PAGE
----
Military Family Hasn't Stopped Serving

Jason Kourts spent four years serving in the army. After being deployed to Bosnia and Kosovo he's back home and still serving, as an E.M.T. for Rural Metro, "being in E.M.S. is like being in the military it's a way of life either you're built to do it, or you're not," explained Jason, "it's really, it's a personality, it's within the individual person."

Jason's wife Candice also has the spirit of service. She was an Air Force fire fighter. Now she works alongside her husband saving lives, "it's kind of who we are and you have to be a special person to want to continue any kind of service like this because it's a very selfless service," said Candice.

Married for six years with two young boys, the military family says the, "thank you's," they get on Veteran's Day mean a lot, "I come from a long line of vets, my brother, my father, my grand fathers, my husband," explained Candice, "so to me it's a way of people showing their respect to those that do give the ultimate sacrifice we have friends that have not come home and we have friends over now." Jason added, "a simple thank you, and I do I get it from a lot of my friends especially this time of year, it's heart felt and it means more to most of us than I think people realize."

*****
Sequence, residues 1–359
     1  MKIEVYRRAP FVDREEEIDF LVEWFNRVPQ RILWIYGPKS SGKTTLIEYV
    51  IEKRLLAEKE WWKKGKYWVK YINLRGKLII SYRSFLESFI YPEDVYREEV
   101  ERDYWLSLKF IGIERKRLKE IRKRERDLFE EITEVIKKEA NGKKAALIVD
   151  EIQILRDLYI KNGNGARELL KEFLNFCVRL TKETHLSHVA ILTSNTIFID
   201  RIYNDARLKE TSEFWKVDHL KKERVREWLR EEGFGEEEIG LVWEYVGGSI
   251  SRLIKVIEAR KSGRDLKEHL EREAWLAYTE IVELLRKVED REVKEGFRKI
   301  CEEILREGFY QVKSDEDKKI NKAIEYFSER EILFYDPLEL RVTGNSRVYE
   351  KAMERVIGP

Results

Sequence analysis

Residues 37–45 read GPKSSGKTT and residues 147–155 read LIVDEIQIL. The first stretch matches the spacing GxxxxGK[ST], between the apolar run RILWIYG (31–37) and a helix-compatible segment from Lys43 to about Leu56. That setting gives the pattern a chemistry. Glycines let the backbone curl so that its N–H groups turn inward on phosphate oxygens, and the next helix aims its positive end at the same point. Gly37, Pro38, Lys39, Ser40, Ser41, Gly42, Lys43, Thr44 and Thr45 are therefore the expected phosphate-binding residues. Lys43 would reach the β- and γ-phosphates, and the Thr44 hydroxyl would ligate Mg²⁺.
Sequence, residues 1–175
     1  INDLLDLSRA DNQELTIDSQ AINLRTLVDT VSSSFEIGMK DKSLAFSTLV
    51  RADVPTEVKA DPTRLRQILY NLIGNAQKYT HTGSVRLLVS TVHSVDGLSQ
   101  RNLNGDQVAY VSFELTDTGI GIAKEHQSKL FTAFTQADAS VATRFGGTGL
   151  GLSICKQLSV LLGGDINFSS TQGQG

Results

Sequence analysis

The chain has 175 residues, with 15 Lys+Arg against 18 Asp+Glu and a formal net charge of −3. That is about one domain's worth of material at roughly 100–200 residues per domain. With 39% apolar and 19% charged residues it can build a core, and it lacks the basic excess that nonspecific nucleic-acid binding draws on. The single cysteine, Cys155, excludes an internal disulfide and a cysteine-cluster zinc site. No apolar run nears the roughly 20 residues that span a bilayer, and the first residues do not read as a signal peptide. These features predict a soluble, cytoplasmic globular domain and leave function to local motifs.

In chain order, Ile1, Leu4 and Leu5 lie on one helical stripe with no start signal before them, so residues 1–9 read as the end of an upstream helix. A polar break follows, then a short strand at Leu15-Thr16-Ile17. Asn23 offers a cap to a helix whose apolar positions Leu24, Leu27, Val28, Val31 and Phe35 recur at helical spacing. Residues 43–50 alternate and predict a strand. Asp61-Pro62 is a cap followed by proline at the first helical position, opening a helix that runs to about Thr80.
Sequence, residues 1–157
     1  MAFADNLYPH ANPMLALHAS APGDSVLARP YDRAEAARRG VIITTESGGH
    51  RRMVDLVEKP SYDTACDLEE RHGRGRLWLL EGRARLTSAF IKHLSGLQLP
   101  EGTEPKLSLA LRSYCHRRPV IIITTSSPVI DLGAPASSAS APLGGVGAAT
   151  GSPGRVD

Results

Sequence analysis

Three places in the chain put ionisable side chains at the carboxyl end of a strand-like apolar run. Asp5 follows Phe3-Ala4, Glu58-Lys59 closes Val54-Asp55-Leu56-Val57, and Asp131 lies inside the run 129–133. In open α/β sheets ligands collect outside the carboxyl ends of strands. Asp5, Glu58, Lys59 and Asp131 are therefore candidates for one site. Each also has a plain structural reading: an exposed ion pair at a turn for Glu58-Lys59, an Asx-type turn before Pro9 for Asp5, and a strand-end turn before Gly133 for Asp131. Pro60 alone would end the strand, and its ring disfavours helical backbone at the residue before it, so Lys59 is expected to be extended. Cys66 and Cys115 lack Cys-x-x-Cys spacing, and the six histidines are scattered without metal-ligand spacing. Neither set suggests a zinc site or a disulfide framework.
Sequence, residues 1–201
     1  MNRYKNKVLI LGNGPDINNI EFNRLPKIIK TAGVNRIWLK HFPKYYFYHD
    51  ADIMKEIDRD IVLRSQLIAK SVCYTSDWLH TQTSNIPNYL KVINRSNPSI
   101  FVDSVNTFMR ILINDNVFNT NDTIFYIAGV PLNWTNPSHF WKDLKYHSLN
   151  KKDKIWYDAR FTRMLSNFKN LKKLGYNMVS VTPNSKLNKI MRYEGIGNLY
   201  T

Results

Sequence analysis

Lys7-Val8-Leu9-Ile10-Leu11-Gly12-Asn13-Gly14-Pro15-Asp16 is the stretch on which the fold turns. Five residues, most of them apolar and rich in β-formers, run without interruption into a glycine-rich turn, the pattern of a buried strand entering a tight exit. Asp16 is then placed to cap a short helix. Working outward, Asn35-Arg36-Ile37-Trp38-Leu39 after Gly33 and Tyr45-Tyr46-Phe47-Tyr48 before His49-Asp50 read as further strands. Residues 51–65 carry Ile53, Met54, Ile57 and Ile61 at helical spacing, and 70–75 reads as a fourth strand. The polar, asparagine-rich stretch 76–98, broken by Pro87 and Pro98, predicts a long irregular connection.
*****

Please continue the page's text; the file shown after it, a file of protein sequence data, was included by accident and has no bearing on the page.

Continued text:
The couple says the camaraderie in the military is second to none and on this day they also thank their fellow service members.

Rural Metro partners with the Veteran's Outreach Center to help service members with medical training find jobs.

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